The calm in the eye of the fire storm
The calm in the eye of the fire storm
| September 5, 2007 12:00 AM
There's nary a dull moment during the high season at the Kootenai National Forest dispatcher's office.
The season for dispatchers begins when prescribed burns are started, which is in April and May, according to U.S. Forest Service Dispatch Center Manager Frank Waterman. In the early spring, dispatchers head to training for the upcoming fire season.
The dispatch center has five full and part-time employees who coordinate firefighters and equipment during the fire season. All the dispatchers working in the Kootenai District office started their careers as firefighters.
Waterman began his career with the Forest Service 30 years ago and became dispatch center manager on April 15. Waterman worked in the field for most of his career and continued to move up through the administration side of the Forest Service and found himself in dispatch.
Forest Service Dispatcher Mickey Carr started as a firefighter six years ago and began working in the dispatch office in 2003.
"I really liked firefighting, but I wanted to do something different but still wanted to help out," Carr said. "I tried dispatching and loved it."
Beginning his career as a firefighter approximately five years ago, Montana Department of Natural Resources and Conservation Initial Attack Dispatcher Cobey Williamson began dispatching at the Kootenai National Forest Supervisor's Office this season. As to why Williamson made the switch to dispatching, "Life just led me here," he said simply.
During the height of fire season the office becomes chaotic, but the site of "organized chaos," Waterman is quick to add.
"We have all the phones ringing, all the radios are going and then someone walks in," Carr explained. "We take all the calls, but the firefighters are our number one priority."
There are many human-caused fires and the season generally lasts from May to October. Employees stationed in the lookouts find many fire starts, Waterman said. There are lookouts in the Blue Mountain, Black Butte, Marston, Calx, Swede and Ziegler areas.
"They're amazing, they find a lot of starts," he continued.
Residents and visitors are also helpful in identifying fires in the surrounding forests. Air patrol is also on the duty of fire spotting and daily air patrols are done as needed, Waterman said. The local district has two helicopters and two air observer planes.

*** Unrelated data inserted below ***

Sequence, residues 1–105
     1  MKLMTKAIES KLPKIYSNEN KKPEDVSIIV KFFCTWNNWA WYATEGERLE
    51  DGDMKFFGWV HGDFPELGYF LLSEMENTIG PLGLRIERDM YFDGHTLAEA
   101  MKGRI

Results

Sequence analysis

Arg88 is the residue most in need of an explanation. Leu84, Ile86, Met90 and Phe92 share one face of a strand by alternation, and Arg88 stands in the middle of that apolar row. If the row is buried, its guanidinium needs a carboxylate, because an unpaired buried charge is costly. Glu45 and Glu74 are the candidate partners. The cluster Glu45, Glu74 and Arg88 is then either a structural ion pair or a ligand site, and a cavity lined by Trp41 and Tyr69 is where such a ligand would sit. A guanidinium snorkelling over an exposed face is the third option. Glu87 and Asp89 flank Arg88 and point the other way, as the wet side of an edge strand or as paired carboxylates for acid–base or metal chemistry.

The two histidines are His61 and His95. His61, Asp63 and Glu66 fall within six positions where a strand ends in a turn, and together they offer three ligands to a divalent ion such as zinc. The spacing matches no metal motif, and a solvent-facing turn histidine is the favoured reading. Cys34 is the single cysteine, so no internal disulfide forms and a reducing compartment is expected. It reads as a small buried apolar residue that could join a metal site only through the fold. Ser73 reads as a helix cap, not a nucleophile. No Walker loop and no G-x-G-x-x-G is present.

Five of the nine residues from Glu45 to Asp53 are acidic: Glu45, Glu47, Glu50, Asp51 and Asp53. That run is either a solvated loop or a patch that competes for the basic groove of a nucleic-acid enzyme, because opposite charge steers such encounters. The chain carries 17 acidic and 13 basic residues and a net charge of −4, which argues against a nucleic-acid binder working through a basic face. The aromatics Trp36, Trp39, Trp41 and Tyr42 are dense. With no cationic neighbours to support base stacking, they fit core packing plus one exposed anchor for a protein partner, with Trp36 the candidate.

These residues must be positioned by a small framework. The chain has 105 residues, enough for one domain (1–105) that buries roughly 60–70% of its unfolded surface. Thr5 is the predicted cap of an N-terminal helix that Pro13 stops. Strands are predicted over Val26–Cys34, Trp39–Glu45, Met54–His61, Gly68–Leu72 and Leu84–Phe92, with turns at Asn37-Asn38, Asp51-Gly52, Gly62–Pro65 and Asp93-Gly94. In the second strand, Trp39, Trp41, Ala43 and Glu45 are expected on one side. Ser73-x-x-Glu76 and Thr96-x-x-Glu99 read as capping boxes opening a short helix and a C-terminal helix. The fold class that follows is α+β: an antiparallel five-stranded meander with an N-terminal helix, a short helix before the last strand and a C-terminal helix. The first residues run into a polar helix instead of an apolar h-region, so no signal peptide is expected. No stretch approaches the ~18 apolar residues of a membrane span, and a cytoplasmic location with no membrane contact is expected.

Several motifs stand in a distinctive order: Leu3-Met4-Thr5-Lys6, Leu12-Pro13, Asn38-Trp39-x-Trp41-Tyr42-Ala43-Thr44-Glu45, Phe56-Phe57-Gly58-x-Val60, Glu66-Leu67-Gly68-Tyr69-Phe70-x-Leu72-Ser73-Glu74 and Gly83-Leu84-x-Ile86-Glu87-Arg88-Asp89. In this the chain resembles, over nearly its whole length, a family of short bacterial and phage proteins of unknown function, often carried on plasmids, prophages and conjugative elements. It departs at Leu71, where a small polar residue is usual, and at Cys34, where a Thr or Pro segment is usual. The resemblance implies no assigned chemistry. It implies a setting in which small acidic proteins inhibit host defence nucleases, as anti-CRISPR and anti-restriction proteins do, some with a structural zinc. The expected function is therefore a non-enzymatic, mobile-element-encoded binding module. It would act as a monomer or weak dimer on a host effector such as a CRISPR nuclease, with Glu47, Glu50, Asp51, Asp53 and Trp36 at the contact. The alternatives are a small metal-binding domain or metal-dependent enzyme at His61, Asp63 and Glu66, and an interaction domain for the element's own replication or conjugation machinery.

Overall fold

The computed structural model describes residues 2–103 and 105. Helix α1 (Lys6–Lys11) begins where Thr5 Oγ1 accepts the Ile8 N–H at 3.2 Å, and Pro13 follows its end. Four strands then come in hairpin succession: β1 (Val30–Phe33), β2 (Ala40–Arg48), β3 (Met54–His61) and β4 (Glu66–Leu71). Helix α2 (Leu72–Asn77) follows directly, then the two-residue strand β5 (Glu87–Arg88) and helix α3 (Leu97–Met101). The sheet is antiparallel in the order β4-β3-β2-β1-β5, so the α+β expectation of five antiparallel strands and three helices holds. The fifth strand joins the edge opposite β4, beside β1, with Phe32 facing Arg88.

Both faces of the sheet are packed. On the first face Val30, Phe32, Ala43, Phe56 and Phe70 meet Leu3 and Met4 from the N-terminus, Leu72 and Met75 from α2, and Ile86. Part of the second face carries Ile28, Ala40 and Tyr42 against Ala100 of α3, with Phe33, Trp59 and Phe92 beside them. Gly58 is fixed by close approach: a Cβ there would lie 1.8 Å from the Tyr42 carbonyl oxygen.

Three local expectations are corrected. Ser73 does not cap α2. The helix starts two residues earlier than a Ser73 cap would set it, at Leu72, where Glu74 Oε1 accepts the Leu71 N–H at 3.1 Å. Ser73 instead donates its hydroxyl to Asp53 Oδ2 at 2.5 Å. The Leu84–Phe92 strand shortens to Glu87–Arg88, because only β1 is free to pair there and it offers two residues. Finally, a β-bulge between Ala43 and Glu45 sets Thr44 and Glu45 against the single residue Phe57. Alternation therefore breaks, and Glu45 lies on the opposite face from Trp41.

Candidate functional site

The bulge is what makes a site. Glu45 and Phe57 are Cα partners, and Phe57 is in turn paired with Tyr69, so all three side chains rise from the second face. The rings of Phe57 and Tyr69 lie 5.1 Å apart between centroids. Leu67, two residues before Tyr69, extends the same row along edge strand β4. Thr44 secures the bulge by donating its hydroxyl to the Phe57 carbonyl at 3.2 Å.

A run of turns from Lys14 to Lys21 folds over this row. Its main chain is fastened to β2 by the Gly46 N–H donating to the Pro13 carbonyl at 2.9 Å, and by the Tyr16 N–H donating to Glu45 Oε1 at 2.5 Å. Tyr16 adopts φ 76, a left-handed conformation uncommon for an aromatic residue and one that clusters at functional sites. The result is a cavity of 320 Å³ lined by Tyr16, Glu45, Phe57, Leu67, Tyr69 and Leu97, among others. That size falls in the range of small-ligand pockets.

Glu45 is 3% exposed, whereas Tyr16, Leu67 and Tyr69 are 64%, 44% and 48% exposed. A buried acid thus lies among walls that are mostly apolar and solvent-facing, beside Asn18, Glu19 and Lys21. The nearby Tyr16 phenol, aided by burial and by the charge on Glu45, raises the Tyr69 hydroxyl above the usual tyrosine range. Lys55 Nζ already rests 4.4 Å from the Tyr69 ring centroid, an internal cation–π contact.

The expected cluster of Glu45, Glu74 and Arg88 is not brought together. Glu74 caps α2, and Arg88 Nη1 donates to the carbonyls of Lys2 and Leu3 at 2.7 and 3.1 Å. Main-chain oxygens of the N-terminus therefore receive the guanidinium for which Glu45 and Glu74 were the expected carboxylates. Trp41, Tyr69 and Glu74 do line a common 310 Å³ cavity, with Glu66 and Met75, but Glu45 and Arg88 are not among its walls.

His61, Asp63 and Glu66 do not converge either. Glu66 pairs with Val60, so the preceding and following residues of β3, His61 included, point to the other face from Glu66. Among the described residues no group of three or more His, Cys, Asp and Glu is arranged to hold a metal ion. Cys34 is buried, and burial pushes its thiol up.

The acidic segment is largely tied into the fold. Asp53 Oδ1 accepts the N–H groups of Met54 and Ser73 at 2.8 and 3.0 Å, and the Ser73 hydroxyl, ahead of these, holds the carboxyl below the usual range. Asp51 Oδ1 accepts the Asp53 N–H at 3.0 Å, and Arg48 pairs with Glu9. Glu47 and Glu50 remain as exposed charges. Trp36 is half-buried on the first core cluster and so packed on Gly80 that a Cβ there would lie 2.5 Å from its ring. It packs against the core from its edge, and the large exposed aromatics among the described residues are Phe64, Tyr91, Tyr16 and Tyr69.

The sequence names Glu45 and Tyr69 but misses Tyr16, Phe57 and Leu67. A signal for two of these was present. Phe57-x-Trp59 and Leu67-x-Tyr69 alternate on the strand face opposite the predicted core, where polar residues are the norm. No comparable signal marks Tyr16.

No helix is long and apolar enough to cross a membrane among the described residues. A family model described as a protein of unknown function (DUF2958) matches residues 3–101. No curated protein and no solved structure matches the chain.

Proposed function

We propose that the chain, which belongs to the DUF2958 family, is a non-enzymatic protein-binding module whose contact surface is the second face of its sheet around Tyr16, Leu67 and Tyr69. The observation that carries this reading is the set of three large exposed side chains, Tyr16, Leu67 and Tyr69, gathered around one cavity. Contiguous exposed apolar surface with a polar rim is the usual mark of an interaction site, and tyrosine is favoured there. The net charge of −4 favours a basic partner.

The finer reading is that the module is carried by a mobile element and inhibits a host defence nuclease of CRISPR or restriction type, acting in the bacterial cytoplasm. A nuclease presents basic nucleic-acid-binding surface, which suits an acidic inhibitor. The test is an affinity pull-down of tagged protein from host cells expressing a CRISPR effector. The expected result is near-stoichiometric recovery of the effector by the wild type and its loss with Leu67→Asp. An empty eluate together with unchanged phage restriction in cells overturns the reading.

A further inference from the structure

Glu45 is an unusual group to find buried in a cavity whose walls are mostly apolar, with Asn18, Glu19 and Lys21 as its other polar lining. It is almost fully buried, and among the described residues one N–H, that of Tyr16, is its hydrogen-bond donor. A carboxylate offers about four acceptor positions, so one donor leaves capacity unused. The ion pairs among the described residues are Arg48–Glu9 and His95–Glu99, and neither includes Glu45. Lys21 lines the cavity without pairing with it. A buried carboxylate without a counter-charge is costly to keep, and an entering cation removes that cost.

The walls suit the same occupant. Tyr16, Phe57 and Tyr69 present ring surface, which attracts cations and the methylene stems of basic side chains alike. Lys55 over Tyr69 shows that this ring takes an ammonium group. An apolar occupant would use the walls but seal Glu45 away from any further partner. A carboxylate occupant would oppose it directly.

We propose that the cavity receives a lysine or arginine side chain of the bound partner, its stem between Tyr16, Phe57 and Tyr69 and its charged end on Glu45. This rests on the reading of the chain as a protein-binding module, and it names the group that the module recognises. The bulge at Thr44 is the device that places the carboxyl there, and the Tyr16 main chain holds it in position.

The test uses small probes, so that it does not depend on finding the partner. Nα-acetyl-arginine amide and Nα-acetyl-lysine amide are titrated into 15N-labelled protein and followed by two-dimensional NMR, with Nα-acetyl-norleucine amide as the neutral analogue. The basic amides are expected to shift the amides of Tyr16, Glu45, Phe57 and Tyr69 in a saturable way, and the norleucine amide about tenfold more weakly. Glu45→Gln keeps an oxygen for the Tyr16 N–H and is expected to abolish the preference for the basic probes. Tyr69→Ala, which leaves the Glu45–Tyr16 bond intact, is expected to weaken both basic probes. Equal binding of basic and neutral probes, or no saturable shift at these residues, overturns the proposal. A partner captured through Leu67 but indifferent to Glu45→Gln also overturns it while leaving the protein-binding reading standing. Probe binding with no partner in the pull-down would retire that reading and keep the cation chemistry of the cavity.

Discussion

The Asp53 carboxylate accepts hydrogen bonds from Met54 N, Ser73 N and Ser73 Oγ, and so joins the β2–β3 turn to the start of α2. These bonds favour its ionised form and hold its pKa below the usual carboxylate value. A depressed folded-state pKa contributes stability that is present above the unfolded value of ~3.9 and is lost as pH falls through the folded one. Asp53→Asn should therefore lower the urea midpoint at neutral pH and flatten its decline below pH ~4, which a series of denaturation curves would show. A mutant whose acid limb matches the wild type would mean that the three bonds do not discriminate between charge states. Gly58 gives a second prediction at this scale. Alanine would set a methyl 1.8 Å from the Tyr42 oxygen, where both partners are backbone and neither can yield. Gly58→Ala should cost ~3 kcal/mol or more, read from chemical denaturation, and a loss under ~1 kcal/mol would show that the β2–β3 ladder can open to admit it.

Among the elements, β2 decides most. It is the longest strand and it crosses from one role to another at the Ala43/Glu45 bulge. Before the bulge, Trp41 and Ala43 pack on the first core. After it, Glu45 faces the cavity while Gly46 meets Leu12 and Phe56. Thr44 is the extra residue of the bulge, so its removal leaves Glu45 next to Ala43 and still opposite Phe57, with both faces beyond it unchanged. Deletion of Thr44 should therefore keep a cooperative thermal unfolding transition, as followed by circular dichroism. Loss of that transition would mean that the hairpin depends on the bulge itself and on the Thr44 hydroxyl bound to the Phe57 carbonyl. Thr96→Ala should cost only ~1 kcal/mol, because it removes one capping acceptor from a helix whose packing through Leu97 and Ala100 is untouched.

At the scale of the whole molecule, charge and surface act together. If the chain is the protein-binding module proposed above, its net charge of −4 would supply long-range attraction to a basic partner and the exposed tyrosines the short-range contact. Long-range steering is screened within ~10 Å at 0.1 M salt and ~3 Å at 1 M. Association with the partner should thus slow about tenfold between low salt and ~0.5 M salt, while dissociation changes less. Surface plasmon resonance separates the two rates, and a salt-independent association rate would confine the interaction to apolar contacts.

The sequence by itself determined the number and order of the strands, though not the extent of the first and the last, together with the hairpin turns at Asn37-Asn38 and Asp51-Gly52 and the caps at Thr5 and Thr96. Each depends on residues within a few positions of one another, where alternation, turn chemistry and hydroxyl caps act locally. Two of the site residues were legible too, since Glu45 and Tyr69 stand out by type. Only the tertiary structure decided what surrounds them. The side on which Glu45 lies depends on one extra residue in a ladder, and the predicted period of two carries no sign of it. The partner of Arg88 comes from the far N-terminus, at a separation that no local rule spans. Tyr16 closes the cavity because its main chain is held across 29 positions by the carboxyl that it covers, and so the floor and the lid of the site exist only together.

When a fire is spotted, dispatch order engines, equipment and manpower for the fires present in the district. They will also help out as needed with firefighters and equipment at other fires in other districts and states.
Summer storms are a frequent cause of many fires on the national forests.
"The good lightning bursts are when the fun starts," Waterman said.
During the storm on June 19, when several trees were blown over and the Libby Drive-In Theatre was demolished by high winds, there were roughly 100 fires started by that storm and the ensuing lightning strikes.
There are dispatching clerks in the offices throughout the district that also help dispatch during the fire season, Williamson said.
"We have extremely effective fire suppression here," Waterman said.
"The initial attack and fire suppression organization does an outstanding job. Others don't have the success we have had," Williamson continued.
When there aren't any fires that need the attention of dispatch, the crew retrieves fire information from the Internet and gets all the information from other districts to find what engines and other equipment is available between all the districts, Williamson said.
"We know what resources we have available and we get the weather and other information from each district so we're ready for the next day," Williamson explained.
Local loggers also help out during the fire season. They will donate their time and equipment to help aid the Forest Service and other agencies during the fire season.
"We couldn't do a lot of it without them," Waterman said.
When the fire season slows down for the year, the dispatchers battle paperwork and update logs from the fire season. They must document what personnel were on the fires, record times worked and add names and training for each person on the fires to log books, Carr said. There are 450 individuals who participate in some form of fire suppression on the Kootenai district. Updating regional and office manuals is also a crucial component to the dispatchers' job.
Although the job is stressful, the crew still loves coming back every day.
"It's totally random," Williamson said.
Carr agreed, saying the career of Forest Service dispatcher was "an adrenaline rush."
Although Williamson and Waterman were new to the office this year, they took many cues from Carr and Forest Service Assistant Center Manager Steve LeFever, who have been in the dispatching field a bit longer. They also thank the community for their ongoing support.
"The public watches and is very helpful and tells us about fires, we could not do it without the help of the public," Williamson explained. "They stopped going out in the forests and quit having campfires even before there was a heavy restriction. It helped us out a lot and we just had to watch for lightning."